Goosen Feeling a Bit Underappreciated

By Associated PressJune 15, 2005, 4:00 pm
PINEHURST, N.C. -- Two U.S. Open titles and another 20 victories around the world should be enough to make Retief Goosen a star. Yet when he arrived at Pinehurst No. 2 this week, the 36-year-old South African found little evidence to support that.
'There's times that I feel like, yeah, you've won a couple of U.S. Opens and there's not a picture of you anywhere or nothing has been mentioned or anything like that,' Goosen said Wednesday. 'And you feel like, well, in a way, it makes you more determined to try and win another one and see what happens next time you some back, if there's a picture somewhere.'
His fellow players certainly appreciate Goosen and his performance last year at Shinnecock Hills. Despite brutal playing conditions -- 28 players failed to break 80 in the final round, including Ernie Els -- Goosen completed a steady 1-over 71 to beat Phil Mickelson by two shots.
That, coupled with his victory at Southern Hills in 2001, makes him one of four two-time champs in the field this week.
'It's always nice coming back as the defending champion, and I'm looking forward to this week,' Goosen said. 'Hopefully, come the weekend, I'll have a chance.'
It might not be enough to change his reputation. Perhaps it's Goosen's persona on the course, where the calm, relaxed demeanor that serves him so well in major championships makes him appear boring. He rarely smiles during competition, and when he strolled off the 18th green at No. 2 earlier this week following a practice round, some fans wondered just who he was.
'I don't know what the guys want me to do,' Goosen said. 'Do they want me to do handstands when I make a putt and all that kind of stuff? You know, I go out there and try and win a tournament, and try and play my best and see if I can win.'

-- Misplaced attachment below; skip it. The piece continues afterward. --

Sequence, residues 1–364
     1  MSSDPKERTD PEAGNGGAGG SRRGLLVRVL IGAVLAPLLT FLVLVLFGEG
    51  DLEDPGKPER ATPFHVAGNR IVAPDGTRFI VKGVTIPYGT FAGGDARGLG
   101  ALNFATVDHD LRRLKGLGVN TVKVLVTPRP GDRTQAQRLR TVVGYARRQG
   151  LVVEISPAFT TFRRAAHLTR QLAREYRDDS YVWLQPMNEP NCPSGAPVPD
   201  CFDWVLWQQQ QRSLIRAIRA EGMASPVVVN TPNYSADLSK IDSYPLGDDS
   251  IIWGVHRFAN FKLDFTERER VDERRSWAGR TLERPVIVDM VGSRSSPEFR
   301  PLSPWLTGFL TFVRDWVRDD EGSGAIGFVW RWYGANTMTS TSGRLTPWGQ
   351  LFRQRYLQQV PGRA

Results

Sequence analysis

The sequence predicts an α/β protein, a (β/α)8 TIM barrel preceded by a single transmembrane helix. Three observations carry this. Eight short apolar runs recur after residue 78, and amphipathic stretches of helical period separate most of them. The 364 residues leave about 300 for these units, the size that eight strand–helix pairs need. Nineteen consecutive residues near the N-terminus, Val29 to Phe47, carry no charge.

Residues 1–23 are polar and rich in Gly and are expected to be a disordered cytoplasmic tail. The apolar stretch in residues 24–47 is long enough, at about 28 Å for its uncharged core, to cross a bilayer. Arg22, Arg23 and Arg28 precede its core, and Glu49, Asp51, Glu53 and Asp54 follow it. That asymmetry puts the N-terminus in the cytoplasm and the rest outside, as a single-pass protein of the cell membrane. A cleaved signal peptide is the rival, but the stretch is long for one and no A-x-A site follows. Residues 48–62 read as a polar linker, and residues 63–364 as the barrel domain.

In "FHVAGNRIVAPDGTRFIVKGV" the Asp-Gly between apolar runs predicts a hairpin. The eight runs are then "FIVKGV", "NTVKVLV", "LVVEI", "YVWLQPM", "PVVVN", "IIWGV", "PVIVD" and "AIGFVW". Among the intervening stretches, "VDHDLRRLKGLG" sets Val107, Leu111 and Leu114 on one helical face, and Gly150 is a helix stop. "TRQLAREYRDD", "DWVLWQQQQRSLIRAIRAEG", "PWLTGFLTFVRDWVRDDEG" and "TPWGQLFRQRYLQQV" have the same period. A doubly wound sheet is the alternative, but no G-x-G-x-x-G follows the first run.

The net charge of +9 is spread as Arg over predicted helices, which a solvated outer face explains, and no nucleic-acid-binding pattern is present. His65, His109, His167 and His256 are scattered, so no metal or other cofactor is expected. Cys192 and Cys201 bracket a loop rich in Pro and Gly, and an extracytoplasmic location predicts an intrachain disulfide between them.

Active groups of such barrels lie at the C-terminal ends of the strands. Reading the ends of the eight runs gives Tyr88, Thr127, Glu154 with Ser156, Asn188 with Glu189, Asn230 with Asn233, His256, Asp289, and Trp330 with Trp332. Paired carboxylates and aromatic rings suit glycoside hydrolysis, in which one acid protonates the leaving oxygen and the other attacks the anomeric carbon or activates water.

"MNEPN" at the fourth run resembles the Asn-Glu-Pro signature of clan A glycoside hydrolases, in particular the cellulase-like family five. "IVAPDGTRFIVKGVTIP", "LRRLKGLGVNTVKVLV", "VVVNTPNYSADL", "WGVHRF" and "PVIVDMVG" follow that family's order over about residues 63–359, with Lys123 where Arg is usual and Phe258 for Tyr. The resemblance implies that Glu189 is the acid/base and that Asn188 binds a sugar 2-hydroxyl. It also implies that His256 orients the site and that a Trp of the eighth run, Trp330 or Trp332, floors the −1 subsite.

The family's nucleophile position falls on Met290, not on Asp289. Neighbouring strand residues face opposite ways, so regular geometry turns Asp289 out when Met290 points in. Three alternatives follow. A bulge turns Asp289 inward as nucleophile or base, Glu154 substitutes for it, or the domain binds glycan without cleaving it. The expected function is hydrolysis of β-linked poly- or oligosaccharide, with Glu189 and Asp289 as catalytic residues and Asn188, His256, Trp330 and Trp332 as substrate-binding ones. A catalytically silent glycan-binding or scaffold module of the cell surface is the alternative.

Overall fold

Even one of his greatest triumphs was lost a bit amid the complaints and controversy over the setup at Shinnecock. Instead of celebrating Goosen's wonderful play, many people remember the diabolical green at the par-3 seventh hole, where few were able to hold the putting surface and the USGA was forced to water it for every other group the last day.
And this week, Tiger Woods is trying to win back-to-back majors for the first time since 2002, when he captured the Masters and U.S. Open. Earlier this season, Woods won the Masters for the fourth time, and he arrives at Pinehurst with his game in good shape.
'The better players just seem to come to the top come the weekend,' Goosen said. 'Saturday, Sunday, they creep their way up. You'll probably have somebody the first couple of rounds leading that nobody has heard of, and then on the weekend, the better players just seem to rise to the top.'
Even the USGA understands that Goosen has been pushed aside this week with all the talk about course setup.
'I'm disappointed in a sense that Retief's remarkable performance was overshadowed,' USGA executive director David Fay said.
Goosen just needs to do it again.
'I like the tougher golf courses, where you have to grind out a little bit more, work hard for par,' he said. 'I prefer this type of golf, really, to a golf course that you know you need to shoot 26-under to win.'
Related links:
  • Full Field Scores - 105th U.S. Open
  • Full Coverage - 105th U.S. Open

  • Tee Times - U.S. Open

  • Photo Gallery from Pinehurst

    Copyright 2005 Associated Press. All rights reserved. This material may not be published, broadcast, rewritten or redistributed.
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    Phil rubs fan's Donald Duck hat seven times, signs it

    By Nick MentaJune 18, 2018, 3:09 pm

    There is a case to be made that what Phil Mickelson did on Saturday made a mockery of a major championship and was worthy of derision.

    There is also a case to be made that the USGA's setup of Shinnecock Hills made a mockery of a major championship and was worthy of derision.

    Whatever you think about what Mickelson did on Saturday - and how he attempted to justify it after the fact without even a hint of remorse - watch this video.

    The next time you hear someone say, "If anybody else had putted a moving ball on purpose and not apologized for it, it would get a different reaction," you can point to this video and say, "Yeah, here's why."

    Here's what happened once a still-strident Mickelson was done rubbing Donald Duck hats on Sunday, per Ryan Lavner:

    If you’re wondering whether Mickelson would be defiant or contrite on Sunday, we don’t know the answer. He declined to stop and speak with the media, deciding instead to sign autographs for more than a half hour and then offering a few short answers before ducking into player hospitality.

    “The real question is, ‘What am I going to do next?’” he said. “I don’t know.”

    The 2024 Ryder Cup at Bethpage is going to be a three-ring circus, and Mickelson, a likely choice to captain the U.S. team, will be the ringmaster.